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• # Sampling with a Pair of Dice

• Roll the 2 virtual dice and calculate the sum of the pair of virtual dice. Do this 10 times.
• Then after you have rolled the virtual pair dice 10 times and calculated 10 sums calculate the average of these 10 sums.
• Conduct this experiment again but this time roll the virtual pair of dice 20 times and calculate the 20 sums and then find the average of these 20 sums.
• Discuss the Central Limit Theorem. What is it? What does it say? Summarize it in your own words.
• Post your results and discuss how the dice activity relates to this week’s lesson, particularly the Central Limit Theorem.
• # Constructing Confidence Intervals

• What is a confidence interval? What information do confidence intervals give you?
• What advantages do confidence intervals give over a single number?
• How do you compute a confidence interval?
• Why do confidence intervals have two numbers? What does each represent?
• In the discussion for week 4, you rolled a pair of dice 10 times and calculated the average sum of your rolls. Then you did the same thing with 20 rolls. Use your results from the week 4 discussion for the average of 10 rolls and for the average of 20 rolls to construct a confidence interval for the true mean of the sum of a pair of dice (assume σ = 2.41, and you are doing a 95% confidence interval).
• What do you notice about the length of the interval for the mean of 10 rolls versus the mean of 20 rolls? Did you expect this? Why or why not?
• What would happen to the length of the interval if the confidence level was 99% instead of 95%? Why? What if it were a 90% confidence interval?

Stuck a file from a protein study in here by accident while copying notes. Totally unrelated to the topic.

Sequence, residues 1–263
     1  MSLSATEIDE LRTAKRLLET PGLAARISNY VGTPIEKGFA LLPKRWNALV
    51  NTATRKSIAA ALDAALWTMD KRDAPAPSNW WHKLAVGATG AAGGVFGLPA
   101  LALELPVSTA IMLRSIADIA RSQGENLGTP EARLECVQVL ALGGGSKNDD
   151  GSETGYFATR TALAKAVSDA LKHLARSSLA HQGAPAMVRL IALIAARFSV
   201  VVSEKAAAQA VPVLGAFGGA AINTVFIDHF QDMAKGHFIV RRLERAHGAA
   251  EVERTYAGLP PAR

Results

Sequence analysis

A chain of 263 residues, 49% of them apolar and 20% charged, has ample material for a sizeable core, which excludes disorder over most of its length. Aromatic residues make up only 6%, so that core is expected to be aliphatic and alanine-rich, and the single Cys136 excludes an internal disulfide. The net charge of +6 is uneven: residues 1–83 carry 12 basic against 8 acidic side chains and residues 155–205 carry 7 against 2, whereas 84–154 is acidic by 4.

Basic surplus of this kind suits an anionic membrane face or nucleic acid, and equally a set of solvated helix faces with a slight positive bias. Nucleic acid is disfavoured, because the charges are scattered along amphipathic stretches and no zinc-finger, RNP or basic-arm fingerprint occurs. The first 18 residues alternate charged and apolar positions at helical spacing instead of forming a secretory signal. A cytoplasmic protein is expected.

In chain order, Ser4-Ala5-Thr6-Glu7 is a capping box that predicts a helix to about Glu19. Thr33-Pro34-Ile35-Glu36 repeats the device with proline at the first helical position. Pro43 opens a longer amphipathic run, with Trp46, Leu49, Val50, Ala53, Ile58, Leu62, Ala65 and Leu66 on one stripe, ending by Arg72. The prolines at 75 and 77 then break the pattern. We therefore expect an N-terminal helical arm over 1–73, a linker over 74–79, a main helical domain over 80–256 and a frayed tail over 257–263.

• # Errors in Hypothesis Testing

• What is hypothesis testing? What are you trying to find out?
• What are the steps in hypothesis testing?
• What is a null hypothesis, and why is it important to hypothesis testing?
• Now consider the situation where a husband and wife go to the doctor’s office to each get some tests run and the doctor accidently mixes up their charts. The doctor comes into the exam room with the results of the tests and declares that the wife is NOT pregnant but her husband IS indeed pregnant with a baby. In section 9.2, the concepts of Type I and Type II errors are introduced.
• How does this scenario illustrate the concepts behind Type I and Type II errors?
• With this situation in mind, what type of error (Type I or Type II) is worse? Explain your reasoning.
• Remember to focus on the statistical concepts (rather than biological concepts) in this posting. The post's focus is on the error types and not whether or not men can have babies.
• # Relationship of Height and Weight

• What is regression analysis?
• In every-day language, what is a trendline, and what is it telling us?
• What does it mean to interpolate? What does it mean to extrapolate?
• Using the given Height and Weight data set, follow the steps in the weekly video or on pages 584-585 of the textbook for performing a regression analysis using Excel to analyze the Height and Weight Data set (assume height is the input variable x and weight is the output variable y).
• Once you have performed the analysis in Excel, state the correct simple linear regression equation and use the regression equation to predict the weight (in pounds) of a person who is 65 inches tall and the weight (in pounds) of a person who is 100 inches tall.
• Why might the regression equation you have found not be a good predication of the weight of someone who is 100 inches tall? Are you interpolating or extrapolating when you use the trendline to predict the weight?

Do you need an answer to this or any other questions?